Anderson now eyes 600 Test wickets
James Anderson celebrates the wicket of India's Mohammed Shami in the fifth Test on Tuesday.
London - An emotional England swing bowler said he would miss Cook's influence in the dressing room
James Anderson says he has no plans to hang up his boots yet after overtaking Glenn McGrath to become the most prolific fast bowler in Test history as the Australian challenged the Englishman to reach 600 wickets.
Anderson went past McGrath's tally of 563 wickets when he knocked out Mohammed Shami's middle stump as England bowled out India for 345 to seal a 4-1 series victory at the Oval on Tuesday.
The Lancashire swing bowler, with 564 scalps, now trails just the spin trio of Sri Lanka's Muttiah Muralitharan (800 wickets), Australia's Shane Warne (708) and India's Anil Kumble (619) in the all-time list. The 36-year-old downplayed his personal achievement, saying he was more focused on helping England win the final match of the series.
"When I sit down at the end of my career, when I finish, it will mean a hell of a lot to me to be able to see what I've achieved," he said.
"But right now it's hard when you put all your energy into the present and trying to perform well for England. That's all I really focus on."
Anderson is three years older than his great friend Alastair Cook, who retired from Test cricket after the match at the Oval but has no immediate plans to quit.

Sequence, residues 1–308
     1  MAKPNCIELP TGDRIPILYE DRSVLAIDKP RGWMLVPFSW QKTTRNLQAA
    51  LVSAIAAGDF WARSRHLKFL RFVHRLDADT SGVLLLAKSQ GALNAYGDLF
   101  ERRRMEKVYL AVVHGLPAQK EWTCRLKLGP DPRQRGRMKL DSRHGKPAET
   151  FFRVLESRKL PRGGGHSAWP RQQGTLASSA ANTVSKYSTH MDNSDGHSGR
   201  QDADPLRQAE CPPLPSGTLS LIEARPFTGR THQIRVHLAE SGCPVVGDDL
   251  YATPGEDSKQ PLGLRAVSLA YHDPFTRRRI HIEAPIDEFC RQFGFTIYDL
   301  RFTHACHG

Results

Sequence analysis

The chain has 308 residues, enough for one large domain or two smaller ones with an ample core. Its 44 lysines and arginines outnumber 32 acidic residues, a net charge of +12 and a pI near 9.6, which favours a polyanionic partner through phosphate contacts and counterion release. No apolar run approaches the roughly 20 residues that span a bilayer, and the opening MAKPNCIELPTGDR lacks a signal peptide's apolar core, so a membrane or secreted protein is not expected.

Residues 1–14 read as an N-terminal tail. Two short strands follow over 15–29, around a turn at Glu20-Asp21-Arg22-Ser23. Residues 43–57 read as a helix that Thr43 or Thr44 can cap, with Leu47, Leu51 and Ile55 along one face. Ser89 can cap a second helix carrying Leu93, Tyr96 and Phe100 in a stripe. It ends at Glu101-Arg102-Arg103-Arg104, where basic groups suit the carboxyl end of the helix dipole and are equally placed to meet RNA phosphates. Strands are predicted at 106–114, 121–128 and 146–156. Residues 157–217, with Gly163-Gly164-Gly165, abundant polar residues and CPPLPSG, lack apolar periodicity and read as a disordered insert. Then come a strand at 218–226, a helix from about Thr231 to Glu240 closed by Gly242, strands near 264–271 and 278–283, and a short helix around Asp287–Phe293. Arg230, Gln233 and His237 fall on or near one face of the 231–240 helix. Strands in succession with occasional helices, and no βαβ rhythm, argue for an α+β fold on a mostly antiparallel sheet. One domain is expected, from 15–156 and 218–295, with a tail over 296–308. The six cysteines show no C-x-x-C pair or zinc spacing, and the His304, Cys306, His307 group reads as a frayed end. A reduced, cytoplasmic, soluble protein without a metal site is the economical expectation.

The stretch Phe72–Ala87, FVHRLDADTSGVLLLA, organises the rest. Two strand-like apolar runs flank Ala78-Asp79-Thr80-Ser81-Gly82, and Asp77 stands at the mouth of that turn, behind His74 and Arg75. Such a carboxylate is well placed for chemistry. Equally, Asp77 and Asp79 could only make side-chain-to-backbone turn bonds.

When asked how long he would go on, Anderson, who no longer plays one-day cricket for England, said: "I don't really think about it. I think I play my best when I focus on what's ahead of me, the next game, the next series, whatever it is."
"I read something that Glenn McGrath said," he added. "He went into the 2006 Ashes with no intention of retiring and then by the end of it he thought his time was up. That could happen to me. Who knows? I don't like looking too far ahead."
An emotional Anderson said he would miss Cook's influence in the dressing room.
"For me he's been a very good friend but he's been someone I look up to," he said. "His work ethic and the way he conducts himself, he's a real idol not to just me but to the rest of the team.
"He'll be missed in that respect. We'll still be very good friends going forward but I'll just miss him on tours, in dressing rooms. Just that shoulder to lean on when it's not going that well."